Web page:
I remember a professor in college telling the class on the very first day, “If you put the same amount of attention into sharpening your pencil as into writing your thesis you will only succeed in making yourself a nervous wreck.” As a parent, you must deal with a million details every single day of life. If you make everything equal on the scale of importance – from putting toys in the toy box to choosing the right school, you will end up stressing yourself out and robbing yourself of the joys of raising children.Read More
Toys, toys, everywhere toys! You hear advice from all directions: “Don’t give your child too many toys—he’ll be spoiled.” Or “Give your child lots of toys—they help to develop his brain!”Read More
Developing friendship skills takes time and experience. The only way young children will learn social skills is by practice, so even though there are plenty of bumps along the way it’s worth scheduling playdates with other children. Here’s how to make it work.Read More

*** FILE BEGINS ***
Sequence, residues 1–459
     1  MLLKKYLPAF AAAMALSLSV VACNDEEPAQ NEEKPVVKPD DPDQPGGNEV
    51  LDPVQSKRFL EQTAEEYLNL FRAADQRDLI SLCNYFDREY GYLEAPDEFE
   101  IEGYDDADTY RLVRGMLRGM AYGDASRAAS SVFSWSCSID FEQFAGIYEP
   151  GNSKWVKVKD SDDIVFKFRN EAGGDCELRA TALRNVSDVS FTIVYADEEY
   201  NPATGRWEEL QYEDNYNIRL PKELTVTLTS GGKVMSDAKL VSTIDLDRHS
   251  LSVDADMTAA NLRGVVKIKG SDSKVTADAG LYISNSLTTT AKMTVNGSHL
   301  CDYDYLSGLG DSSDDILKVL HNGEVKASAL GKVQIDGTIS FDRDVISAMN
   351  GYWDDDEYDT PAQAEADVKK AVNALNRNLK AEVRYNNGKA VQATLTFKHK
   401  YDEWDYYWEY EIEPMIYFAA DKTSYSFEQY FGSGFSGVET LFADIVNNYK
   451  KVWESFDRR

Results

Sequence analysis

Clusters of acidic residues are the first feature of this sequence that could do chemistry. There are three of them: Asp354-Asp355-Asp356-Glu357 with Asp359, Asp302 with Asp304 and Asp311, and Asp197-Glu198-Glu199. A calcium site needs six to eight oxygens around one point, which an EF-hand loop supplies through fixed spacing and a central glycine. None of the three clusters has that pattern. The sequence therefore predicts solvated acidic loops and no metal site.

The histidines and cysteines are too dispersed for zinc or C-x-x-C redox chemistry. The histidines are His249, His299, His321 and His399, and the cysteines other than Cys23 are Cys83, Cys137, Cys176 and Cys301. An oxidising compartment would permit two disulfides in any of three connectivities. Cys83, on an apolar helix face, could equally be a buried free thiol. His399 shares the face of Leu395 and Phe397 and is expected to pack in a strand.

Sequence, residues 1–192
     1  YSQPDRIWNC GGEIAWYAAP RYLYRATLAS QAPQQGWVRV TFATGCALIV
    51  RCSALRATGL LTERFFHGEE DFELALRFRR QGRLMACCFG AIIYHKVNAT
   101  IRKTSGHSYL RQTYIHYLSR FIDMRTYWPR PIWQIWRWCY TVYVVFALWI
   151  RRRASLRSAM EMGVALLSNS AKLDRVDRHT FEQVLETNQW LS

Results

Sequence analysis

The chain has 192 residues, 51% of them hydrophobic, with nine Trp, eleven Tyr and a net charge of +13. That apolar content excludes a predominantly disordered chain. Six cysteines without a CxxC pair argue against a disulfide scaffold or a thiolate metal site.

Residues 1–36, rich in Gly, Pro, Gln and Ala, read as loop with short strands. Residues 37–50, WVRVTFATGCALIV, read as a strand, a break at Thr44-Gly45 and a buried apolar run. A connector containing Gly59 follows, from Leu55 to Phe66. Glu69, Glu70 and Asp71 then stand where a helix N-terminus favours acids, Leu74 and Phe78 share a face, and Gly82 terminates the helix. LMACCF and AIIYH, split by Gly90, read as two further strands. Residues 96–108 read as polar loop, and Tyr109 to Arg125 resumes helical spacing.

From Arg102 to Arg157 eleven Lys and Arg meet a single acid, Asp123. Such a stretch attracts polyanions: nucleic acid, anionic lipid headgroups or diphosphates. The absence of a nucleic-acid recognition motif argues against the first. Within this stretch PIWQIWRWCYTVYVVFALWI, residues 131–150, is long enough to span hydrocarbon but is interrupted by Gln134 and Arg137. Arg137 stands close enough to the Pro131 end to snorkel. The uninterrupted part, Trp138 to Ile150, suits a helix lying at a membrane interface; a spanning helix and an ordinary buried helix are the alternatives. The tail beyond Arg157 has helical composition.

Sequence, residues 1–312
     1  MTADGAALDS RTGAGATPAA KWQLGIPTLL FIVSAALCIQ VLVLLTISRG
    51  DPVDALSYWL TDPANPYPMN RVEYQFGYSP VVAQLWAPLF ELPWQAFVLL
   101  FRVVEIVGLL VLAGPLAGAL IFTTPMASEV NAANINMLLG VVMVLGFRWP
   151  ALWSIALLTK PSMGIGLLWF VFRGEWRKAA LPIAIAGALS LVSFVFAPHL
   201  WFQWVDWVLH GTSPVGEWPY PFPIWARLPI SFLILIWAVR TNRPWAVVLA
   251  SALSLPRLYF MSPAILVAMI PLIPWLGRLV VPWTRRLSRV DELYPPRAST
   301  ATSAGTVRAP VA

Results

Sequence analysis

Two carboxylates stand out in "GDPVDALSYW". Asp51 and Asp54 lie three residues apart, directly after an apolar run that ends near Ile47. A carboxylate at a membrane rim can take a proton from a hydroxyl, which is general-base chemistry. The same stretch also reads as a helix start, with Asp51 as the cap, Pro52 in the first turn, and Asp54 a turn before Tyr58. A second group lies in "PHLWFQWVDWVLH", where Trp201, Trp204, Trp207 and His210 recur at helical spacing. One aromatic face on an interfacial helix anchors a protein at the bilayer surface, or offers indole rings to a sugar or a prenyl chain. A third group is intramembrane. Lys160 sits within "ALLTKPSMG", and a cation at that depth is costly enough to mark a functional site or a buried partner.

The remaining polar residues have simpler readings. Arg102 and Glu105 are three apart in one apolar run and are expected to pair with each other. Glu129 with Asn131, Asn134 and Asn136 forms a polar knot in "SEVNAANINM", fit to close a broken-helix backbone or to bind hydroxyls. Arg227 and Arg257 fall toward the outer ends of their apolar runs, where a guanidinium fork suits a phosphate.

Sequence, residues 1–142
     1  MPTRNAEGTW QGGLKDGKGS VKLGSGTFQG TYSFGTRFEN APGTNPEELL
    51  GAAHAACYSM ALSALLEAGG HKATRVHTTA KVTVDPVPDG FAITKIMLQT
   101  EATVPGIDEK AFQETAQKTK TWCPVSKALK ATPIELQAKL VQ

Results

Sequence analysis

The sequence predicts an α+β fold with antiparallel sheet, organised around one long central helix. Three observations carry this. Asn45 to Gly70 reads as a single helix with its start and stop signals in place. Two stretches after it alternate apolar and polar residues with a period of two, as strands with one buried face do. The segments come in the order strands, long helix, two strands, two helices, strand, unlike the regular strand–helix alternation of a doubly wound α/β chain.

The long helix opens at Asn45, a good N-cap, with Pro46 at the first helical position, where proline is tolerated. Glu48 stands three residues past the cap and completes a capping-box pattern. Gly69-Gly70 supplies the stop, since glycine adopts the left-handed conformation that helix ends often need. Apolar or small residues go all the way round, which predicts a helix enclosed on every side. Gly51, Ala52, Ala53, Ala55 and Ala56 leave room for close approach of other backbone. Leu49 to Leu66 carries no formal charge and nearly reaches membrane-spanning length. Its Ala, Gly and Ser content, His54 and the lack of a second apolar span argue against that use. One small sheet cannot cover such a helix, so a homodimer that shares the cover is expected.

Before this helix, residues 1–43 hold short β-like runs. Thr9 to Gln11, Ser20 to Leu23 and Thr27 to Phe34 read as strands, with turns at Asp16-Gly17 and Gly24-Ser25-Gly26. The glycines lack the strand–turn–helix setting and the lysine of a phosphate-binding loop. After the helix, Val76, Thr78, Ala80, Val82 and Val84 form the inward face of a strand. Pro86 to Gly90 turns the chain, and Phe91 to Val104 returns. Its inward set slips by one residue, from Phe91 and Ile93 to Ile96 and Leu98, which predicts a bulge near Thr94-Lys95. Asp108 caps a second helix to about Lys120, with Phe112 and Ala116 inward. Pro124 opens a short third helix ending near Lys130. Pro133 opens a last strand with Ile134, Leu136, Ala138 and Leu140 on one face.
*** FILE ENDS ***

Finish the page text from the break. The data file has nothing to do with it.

Does your child move at an excruciatingly slow pace? Do you find it frustrating when you need to get somewhere and you’re rushing about – yet you have to keep prodding him along?
Children live according to a much slower clock than we adults do. They are not thinking about what they are doing next, they are just enjoying each moment. Why can’t we all live on “kid-time?” Kids are looking at the color patterns in the carpet, looking at their toes, watching the cat sleep and so much more. But since we cannot live on “kid-time” here are some ideas to keep things moving along.Read More
How can you get your kids to cooperate and do the many things they must do from morning until bedtime? Here are some tips for a happier household.
Don’t hint at the tasks you would like done, such as, “It would be nice if somebody helped me clean up.” Don’t make it sound as if agreement is optional by starting your sentence with “Could you” or “Would you?” or ending your sentence with, “. . . Okay?” Make your request clear, short and on point, “Please put your dishes in the sink and wash the table.” or “It’s time to gather your homework and come to the table.” Make sure that your statement is clear and that it will identify what is needed or describe the problem without a lecture.Read More